The abolition of Stamp Duty for first-time buyers up to £300,000 was one of the flagship policies of the Budget, but even the Government’s own independent fiscal watchdog has cast doubt on its effectiveness.
Chancellor Philip Hammond ended Stamp Duty for first-time buyers purchasing properties up to £300,000 and in high-priced areas on the first £300,000 of houses worth up to £500,000.
Hammond said that 80% of first-time buyers would now pay no Stamp Duty.
But the Office for Budget Responsibility has warned that the effect will feed through into house prices “relatively quickly”. It is forecasting a rise in house prices of 0.3%, and says that the main beneficiaries will be existing home owners, not first-time buyers.
A report on the Budget announcements by the economists said: “Since the relief frees up first-time buyer savings to put towards higher deposits, these higher prices can be paid.
“We assume that a temporary relief would feed one-for-one into house prices, but a permanent one will have twice that effect.
“On this basis, post-Stamp Duty prices paid by first-time buyers would actually be higher with the relief than without it.
“Thus the main gainers from the policy are people who already own property, not the first-time buyers themselves.
“For some potential first-time buyers with smaller deposits, who are constrained by loan-to-value lending criteria, the relief will enable them to borrow a multiple of their Stamp Duty saving, allowing them to buy properties that they otherwise could not afford – but more expensively.”
This view was echoed by Rightmove director Miles Shipside, who advised first-time buyers to act before prices rise.
He said: “First-time-buyers should think about acting quickly to take advantage of this Stamp Duty ban, before the extra demand it creates pushes up prices and starts to eat away at the extra cash this Stamp Duty exemption will free up.
“The Government has already put buy-to-let landlords on the back foot with its 3% Stamp Duty surcharge, so this extra advantage of no Stamp Duty gives first-time buyers an extra edge.
“Speed and getting in early is important for aspiring first-time-buyers because supply of suitable properties is limited due to insufficient numbers of new-build property in this sector over the last decade.
“To take advantage of the initial momentum this will generate, owners of properties that are suitable for first-time buyers should think about coming to market if they have been thinking about making a move up the ladder themselves.”
Legal experts are also warning joint buyers to be careful as the briefing paper released alongside the announcement states that all buyers in a joint purchase would need to have not owned property anywhere in the world to be eligible.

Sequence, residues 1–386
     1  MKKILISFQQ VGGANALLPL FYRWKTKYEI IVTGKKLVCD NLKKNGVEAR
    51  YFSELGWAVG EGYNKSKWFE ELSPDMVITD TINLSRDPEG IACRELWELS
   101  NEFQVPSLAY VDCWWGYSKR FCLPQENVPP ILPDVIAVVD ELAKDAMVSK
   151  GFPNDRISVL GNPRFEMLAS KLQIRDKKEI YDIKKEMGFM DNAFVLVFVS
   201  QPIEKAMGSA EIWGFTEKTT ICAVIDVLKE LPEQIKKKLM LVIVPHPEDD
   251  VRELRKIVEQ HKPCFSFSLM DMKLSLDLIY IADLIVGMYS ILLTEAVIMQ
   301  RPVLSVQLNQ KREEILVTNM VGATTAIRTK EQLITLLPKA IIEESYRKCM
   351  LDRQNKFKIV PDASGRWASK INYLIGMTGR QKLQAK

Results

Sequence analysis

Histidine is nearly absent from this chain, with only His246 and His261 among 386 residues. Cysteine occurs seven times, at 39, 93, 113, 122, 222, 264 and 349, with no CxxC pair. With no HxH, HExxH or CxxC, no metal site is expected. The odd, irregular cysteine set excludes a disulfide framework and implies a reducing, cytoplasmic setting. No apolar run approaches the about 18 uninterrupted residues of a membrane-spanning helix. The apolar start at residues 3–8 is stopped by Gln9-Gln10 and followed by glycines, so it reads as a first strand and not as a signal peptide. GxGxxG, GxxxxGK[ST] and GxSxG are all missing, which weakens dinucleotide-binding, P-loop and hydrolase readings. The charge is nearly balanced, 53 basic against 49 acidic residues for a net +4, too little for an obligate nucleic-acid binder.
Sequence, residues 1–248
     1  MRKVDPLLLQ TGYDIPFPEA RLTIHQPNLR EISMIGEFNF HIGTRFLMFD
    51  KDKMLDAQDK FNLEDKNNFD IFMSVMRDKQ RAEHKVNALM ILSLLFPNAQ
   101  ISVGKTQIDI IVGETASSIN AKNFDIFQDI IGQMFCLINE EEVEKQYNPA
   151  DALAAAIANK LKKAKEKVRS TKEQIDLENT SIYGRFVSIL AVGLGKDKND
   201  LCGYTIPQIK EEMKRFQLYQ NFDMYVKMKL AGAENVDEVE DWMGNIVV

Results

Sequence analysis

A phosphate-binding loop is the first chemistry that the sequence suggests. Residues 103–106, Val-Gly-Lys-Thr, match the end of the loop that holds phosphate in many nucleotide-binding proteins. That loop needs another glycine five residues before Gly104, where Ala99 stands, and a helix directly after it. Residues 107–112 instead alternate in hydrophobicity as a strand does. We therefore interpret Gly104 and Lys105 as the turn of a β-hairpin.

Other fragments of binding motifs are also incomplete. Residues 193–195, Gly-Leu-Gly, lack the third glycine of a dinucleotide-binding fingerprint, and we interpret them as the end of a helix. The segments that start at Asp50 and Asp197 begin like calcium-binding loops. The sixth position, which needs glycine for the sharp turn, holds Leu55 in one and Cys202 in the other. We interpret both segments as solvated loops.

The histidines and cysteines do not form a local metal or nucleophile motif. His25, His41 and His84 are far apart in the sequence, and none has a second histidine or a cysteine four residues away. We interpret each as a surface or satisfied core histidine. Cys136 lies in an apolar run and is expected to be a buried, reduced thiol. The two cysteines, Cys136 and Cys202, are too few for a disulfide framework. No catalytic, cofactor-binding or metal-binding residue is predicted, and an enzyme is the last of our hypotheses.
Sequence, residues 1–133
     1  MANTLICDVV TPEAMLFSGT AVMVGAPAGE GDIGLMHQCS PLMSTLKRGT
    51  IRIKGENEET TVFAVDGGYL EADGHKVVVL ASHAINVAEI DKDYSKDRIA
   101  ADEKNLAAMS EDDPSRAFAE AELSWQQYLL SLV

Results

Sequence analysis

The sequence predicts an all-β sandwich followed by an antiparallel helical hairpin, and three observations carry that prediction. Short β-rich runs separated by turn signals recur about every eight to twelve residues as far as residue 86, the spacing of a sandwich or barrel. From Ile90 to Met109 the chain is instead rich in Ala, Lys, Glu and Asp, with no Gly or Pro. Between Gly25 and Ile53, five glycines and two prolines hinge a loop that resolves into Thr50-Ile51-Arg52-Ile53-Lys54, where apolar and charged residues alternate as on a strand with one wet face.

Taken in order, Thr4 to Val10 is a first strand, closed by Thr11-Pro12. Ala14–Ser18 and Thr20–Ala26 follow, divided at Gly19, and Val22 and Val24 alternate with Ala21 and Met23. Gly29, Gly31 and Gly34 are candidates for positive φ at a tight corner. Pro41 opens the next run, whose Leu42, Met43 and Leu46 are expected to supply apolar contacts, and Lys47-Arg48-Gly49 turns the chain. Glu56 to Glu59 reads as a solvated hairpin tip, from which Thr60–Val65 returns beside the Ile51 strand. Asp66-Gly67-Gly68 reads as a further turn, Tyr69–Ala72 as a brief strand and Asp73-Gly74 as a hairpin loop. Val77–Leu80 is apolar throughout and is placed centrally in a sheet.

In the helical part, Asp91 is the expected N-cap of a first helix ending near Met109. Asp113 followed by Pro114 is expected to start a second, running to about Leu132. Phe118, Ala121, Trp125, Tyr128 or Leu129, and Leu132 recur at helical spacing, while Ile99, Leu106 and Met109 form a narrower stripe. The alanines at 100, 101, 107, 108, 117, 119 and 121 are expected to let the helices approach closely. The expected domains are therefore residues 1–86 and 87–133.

Nimesh Shah, a partner at Blick Rothenberg, said: “Watch out joint buyers – both need to be ‘first time buyers’ to qualify for the cut. If one has previously had an interest in a property, they will not be eligible. A person coming to the UK will not be eligible for the cut if they have previously owned a property anywhere in the world.”
Conveyancing software provider SearchFlow also highlighted the regional differences that will emerge.
Carole Marsden, UK sales director for SearchFlow, said: “The changes to Stamp Duty Land Tax will apply immediately for first-time buyers in England, Wales and Northern Ireland, although the Welsh government will decide whether to continue it when stamp duty is devolved in April 2018. In addition, the update will not apply in Scotland unless the Scottish government decides to follow suit.”
There were mixed responses from agents.
Paul Smith, chief executive of haart, suggested this should inject a “feel good factor” into the market and said he was anticipating a surge in activity.
But while Glynis Frew, chief executive of Hunters Property, welcomed the move, there was also disappointment at the lack of support for all levels of the market.
Frew said: “First-time buyers, downsizers and landlords have all suffered due to this extortionate cost, and sadly, small developers have been hit particularly hard by the 3% second home levy.
“Aspiring and ambitious home owners need to be given the freedom not only to leap onto the ladder but also to move around freely, so we need to be creating the conditions for them to achieve this.
“Despite this, we were disappointed that there wasn’t further discussion of increased regulation for the lettings industry, which is crucial in ensuring a more transparent and better functioning industry for tenants, landlords and agents.”
Jon Werth of London agents LiFE was even more despondent, adding: “It won’t make a single bit of difference to the figures, in my opinion, but will be good for consumer confidence.
“Help to Buy has been the great incentive recently but mortgage companies are still not lending as easily as they could, so it’s a status quo I’m afraid.”
Mark Hayward, chief executive of NAEA Propertymark, said: “It’s a smart move to ensure the dream of home ownership for young people can become a reality and will help buyers across the UK, including London and the south-east where property prices are higher.
“We do however need to realise that this move will increase the demand for first-time buyer properties and if we don’t have the supply it will push prices up. We have seen this in areas where Help to Buy is offered, as it attracts a great deal of interest.
“In terms of the Government’s plans to build 300,000 new homes a year, it is yet another pledge to increase the number of new homes created.
“While we welcome this news, we have historically had these announcements from Government to accelerate housebuilding which has not been delivered. It is not a question of ‘how many’, it’s a question of ‘how’.”
Read the Government’s Stamp Duty briefing paper
* The Budget also announced an empty homes premium that would let local authorities increase the council tax premium from 50% to 100% on empty properties.